This is the last of a three part series featuring some obscure info booklet cover art from the first half of the 20th-century. All of the images in these posts are via ephemeraSTUDIES.org. The first post of this series gives some info on the organization and its curator, Saul Zalesch. If you’re at all interested in American history of the period and/or a collector of ephemera check it out.
The Obscure Art Of Early-To-Mid 20th-Century Informational Booklets: Part 1 Part 2
Part 3 covers the 1940s and 1950s. Click on the captions for more information and comments about their significance at emphemeraSTUDIES.org.
The image below is saved for last as it is particularly odd. Saul Zalesch captioned it, Child’s Worst Nightmare? His comment:
This bizarre image, signed Shirley Kite, appears in The Wonderful Lunch Boxes, a 1925 booklet distributed by the Educational Department of Postum Cereal Co. In the story, the heads represent kernels of grain. No one I have shown it to has any idea what it was supposed to mean or accomplish.
What do you think?
3 thoughts on “The Obscure Art Of Early-To-Mid 20th-Century Informational Booklets (Part 3)”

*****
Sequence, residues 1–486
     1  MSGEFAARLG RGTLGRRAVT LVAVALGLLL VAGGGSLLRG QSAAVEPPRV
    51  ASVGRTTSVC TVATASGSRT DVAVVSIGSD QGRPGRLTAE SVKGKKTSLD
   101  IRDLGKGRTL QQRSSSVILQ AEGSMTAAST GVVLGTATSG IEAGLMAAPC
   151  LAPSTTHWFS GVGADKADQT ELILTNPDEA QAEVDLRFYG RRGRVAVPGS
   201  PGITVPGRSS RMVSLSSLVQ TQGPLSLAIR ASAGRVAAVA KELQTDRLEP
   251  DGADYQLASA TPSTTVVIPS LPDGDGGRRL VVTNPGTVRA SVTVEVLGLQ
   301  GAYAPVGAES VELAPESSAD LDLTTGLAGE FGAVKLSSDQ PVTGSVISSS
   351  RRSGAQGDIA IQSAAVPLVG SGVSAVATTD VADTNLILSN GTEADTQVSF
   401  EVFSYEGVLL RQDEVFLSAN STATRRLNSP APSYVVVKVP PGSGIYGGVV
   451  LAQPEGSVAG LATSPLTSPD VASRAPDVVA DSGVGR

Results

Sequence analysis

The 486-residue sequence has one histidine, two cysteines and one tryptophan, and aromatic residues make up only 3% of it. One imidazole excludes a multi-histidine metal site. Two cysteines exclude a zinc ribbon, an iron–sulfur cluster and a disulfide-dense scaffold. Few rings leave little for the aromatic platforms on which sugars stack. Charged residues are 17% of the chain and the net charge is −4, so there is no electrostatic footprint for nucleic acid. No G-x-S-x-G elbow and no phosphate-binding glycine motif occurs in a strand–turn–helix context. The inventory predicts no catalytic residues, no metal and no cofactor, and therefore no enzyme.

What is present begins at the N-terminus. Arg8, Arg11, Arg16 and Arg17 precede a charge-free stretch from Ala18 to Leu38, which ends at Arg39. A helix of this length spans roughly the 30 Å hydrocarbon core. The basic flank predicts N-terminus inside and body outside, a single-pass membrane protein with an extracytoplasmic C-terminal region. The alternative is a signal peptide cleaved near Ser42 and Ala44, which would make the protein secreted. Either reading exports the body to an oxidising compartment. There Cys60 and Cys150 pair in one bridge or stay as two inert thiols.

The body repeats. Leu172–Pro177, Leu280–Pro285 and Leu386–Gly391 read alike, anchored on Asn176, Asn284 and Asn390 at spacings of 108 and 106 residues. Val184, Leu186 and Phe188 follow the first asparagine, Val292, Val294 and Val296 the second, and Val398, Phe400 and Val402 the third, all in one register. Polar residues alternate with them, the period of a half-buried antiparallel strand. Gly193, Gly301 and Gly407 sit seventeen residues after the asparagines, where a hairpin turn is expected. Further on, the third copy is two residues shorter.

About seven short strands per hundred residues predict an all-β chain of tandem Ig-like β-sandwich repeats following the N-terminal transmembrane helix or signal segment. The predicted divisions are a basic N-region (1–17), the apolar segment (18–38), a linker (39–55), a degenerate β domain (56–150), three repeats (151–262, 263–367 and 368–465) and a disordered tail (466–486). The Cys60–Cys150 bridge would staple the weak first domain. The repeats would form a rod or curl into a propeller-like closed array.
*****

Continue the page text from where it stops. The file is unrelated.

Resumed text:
I love the helicopter.. the lunch box thing, very weird. 😀
I have heard of Children of the Corn… but Children of the Potatoes!?!?
It reminds me of when I profiled the McDonaldland characters on my blog, and how the 70’s version of Ronald, Hamburglar, Grimace, etc. (inspired by HR Pufenstuf) were so creepy looking compared to what we’re used to today. It’s weird how our idea of what looks normal and what looks really weird changes over time, even after just a few decades. I’m sure in 1925, someone thought those baby heads growing underground looked perfectly fine! 🙂
Wow… I’ll be trying to forget those “seed babies” forever. Guess they were trying to emphasize that seeds are “baby plants” in waiting … ready to become adult plants? But … um … just … NO.
Love the sleek helicopter; but the atomic one makes me think of Johnson’s “daisy” commercial. 😛
Another great post!